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Here is something of a sign of the times: Today’s biggest financial news story, by far and away, was a rate cut and currency slide in Turkey. A country that is just 0.3% of the MSCI Emerging Markets (EM) Index’s market cap.[i] This is part of a recent trend we have noticed, in which events of little fundamental significance to global markets get bigtime attention simply because they are new and different. The flipside of this? There is actually precious little in the way of news right now, which we have long found to be a nice backdrop for stocks. In our view, no news is usually good news, giving the market plenty of latitude to do its daily work of pricing in longer-term fundamentals.
We aren’t denying that Turkey’s news is interesting. Today’s cut lowered the benchmark rate from 16.0% to 15.0% despite Turkish inflation clocking in at 19.9% y/y last month.[ii] Calling the move unorthodox is an understatement. But it also caps President Recep Tayyip Erdogan’s long history of meddling with monetary policy, including firing prior central bank governors who didn’t share his belief that high interest rates cause, rather than tame, inflation. He fired prior central bank governor Naci Agbal in March after a series of rate hikes, replacing him with Sahap Kavcioglu—a former newspaper columnist who espoused monetary views similar to Erdogan’s. Kavcioglu’s move today followed cuts from 19.0% to 18.0% in September and to 16.0% last month, likely keeping the boss happy, yet the lira is now down to historic lows versus the dollar, driving Turkish people to switch their bank accounts to more stable currencies.[iii] Some analysts suspect this could finally break Erdogan’s political grip, teeing up some political uncertainty as chatter about early elections escalates.
So yes, fascinating! But it has incredibly limited reach and relevance for global investors. While Turkey is one of the Middle East’s most advanced economies, the MSCI Turkey’s market cap is only about $21 billion.[iv] The index has just 11 constituents, none of which are huge global players.[v] It has also experienced a steady drip of political and currency crises over the past decade, alienating many EM investors. Some coverage tried to portray it as an example of the risks one faces investing in EM broadly, but we think that is beyond a stretch. Turkey’s issues are unique and localized, and most EM constituents have relatively stronger institutions. Many are up quite nicely year to date, while Turkey is down double digits. It is true that political risks are more varied among EM nations compared to their developed-world counterparts in the MSCI World Index, but Turkey is far from representative, in our view.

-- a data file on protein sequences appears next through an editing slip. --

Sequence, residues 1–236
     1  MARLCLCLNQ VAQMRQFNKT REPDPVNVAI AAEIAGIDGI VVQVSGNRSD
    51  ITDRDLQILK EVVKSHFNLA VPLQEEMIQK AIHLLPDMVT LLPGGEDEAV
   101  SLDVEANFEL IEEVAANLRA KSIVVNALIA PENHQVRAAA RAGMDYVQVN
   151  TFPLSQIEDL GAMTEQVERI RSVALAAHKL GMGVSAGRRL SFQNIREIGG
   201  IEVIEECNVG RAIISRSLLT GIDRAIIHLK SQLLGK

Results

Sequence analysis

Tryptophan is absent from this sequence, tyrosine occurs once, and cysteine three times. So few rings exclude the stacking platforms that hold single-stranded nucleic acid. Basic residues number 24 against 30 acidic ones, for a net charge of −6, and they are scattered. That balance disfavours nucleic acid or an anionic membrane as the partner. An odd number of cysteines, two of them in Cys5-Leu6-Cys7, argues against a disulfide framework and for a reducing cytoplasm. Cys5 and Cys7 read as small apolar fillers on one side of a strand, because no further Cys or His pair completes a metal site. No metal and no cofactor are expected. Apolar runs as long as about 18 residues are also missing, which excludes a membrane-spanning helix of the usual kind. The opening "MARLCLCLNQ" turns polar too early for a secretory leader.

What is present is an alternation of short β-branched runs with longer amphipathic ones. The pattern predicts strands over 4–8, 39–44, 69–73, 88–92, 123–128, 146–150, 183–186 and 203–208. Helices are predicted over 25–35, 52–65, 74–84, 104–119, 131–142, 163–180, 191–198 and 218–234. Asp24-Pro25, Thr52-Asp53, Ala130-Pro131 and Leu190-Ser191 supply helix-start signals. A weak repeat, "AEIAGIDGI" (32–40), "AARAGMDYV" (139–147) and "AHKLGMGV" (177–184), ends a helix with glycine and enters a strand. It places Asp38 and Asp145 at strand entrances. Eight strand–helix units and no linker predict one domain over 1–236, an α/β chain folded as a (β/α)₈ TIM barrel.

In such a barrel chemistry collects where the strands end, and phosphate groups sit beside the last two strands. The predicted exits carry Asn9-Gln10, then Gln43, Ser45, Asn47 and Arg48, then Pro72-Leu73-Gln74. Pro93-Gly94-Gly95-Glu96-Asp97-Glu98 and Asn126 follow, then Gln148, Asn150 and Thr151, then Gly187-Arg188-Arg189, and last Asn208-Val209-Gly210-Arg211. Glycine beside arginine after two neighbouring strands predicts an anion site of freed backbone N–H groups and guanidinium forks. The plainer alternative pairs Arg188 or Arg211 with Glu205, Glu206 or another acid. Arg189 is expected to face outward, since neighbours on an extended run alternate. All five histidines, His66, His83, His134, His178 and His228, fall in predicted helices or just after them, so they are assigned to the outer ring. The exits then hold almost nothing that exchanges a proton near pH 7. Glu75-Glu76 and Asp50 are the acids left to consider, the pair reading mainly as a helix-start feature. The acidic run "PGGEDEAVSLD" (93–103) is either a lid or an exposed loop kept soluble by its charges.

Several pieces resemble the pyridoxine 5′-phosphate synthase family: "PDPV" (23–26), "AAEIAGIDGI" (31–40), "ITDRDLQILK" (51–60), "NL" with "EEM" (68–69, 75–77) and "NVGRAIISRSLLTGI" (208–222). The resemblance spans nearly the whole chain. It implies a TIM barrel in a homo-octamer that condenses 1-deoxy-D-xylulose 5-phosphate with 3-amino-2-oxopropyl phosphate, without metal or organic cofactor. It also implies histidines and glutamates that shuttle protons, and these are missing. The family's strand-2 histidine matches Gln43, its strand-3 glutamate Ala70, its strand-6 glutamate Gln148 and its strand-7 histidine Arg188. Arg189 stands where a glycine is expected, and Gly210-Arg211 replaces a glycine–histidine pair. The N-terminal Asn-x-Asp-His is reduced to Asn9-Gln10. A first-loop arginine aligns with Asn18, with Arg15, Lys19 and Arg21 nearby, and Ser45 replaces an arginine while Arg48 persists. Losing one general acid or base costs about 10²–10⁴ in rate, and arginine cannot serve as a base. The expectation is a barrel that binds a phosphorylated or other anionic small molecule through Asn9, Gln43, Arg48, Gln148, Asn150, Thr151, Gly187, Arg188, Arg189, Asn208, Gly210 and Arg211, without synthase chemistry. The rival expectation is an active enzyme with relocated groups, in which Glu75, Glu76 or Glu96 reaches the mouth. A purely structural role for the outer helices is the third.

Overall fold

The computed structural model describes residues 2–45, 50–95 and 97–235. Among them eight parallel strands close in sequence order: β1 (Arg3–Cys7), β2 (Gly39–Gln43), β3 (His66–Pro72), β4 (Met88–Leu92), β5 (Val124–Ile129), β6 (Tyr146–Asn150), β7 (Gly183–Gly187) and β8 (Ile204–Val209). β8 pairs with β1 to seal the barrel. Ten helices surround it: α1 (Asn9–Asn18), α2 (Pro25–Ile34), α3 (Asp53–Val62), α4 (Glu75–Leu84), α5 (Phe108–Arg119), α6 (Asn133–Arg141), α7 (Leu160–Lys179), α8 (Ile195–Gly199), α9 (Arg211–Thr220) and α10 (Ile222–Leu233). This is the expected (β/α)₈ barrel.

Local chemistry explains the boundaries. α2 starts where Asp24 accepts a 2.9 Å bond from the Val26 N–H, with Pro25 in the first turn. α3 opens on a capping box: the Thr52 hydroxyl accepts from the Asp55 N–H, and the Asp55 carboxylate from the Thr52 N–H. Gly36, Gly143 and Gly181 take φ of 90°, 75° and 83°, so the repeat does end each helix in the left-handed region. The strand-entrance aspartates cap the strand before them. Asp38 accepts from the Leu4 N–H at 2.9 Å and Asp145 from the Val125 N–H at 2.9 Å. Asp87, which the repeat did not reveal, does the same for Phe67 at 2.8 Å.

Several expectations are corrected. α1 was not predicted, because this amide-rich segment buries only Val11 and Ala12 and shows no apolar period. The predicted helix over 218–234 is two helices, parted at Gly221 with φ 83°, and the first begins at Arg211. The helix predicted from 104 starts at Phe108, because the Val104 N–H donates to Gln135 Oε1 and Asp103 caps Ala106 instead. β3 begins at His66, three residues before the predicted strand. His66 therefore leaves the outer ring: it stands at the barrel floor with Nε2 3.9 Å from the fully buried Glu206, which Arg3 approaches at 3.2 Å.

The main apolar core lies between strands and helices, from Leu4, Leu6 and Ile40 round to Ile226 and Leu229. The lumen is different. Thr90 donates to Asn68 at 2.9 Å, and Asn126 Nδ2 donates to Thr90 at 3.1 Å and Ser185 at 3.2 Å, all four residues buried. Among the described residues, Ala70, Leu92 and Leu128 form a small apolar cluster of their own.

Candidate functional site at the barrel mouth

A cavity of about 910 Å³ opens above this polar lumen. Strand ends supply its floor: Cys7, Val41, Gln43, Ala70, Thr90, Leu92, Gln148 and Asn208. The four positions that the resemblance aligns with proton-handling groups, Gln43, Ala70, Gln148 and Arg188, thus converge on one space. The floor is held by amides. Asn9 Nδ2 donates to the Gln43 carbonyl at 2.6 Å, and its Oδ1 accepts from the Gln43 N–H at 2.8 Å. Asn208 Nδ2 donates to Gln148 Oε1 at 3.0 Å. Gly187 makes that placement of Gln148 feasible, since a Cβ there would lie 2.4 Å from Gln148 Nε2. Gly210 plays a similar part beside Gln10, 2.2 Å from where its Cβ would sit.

As best we can tell, Turkey’s rate cut is stealing so many headlines today simply because there isn’t much else in the financial world to talk about. It isn’t the only small item getting outsized attention recently. Exhibit B: company spinoffs, which have generated numerous think pieces over the past week. It isn’t new for large companies with diverse business lines to spin off business units into separate, new firms. But three companies (Johnson & Johnson, General Electric and Toshiba) announced spinoffs in rapid succession, and pundits pounced. The commentary is still rolling in a week later. Exhibit C: the mountains of attention heaped on President Joe Biden’s impending revelation of whether he will reappoint Fed head Jerome Powell for another term—and the numerous articles detailing the biographies and viewpoints of his rumored potential replacements. You have to pass the time somehow, we guess.
In a way, we find this current mentality a bit refreshing—and a sign of sentiment. Pundits aren’t dissecting every economic data point in search of a cloud in a silver lining. They aren’t warning new lockdowns in Europe risk a triple-dip Continental recession this winter. Meanwhile, Bank of America’s fund manager survey, which showed rather dour sentiment last month, showed a sizable move from cash to stocks in November. Managers still registered the same old concerns (inflation, rate hikes, China). But judging from their actions, those fears lost some of their power. Headlines, which both reflect and amplify popular sentiment, seem to be sending similar signals.
Don’t get us wrong—we are far from the euphoria that threatens bull markets. The climate isn’t even broadly optimistic. It is just, well, dull—and for stocks, slow news is generally good news. We often quote Ben Graham’s famous observation that stocks are voting machines in the short term and weighing machines in the long run. When headlines churn constantly, it can send that voting machine into overdrive, heightening volatility. This isn’t always bad, as volatility cuts both ways. But it can be jarring. For as much as sharp negativity can scare everyone, sharp positivity can drive bubble and too-far-too-fast chatter. Slow news and calm returns are a classic Goldilocks scenario, which is what we have seen in November thus far, with the S&P 500 closing today at all-time highs.
Maybe this is just a holiday season lull and the hyperbolic coverage will soon pick up. After all, a fresh debt ceiling deadline looms next month, and a House vote on the “Build Back Better” budget reconciliation bill is pending. There is never a dull moment in investing. But if you have sought a break from heavy news, well, you are getting it right now. We suggest taking a cue from stocks—and enjoying it.
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*The content contained in this article represents only the opinions and viewpoints of the Fisher Investments editorial staff.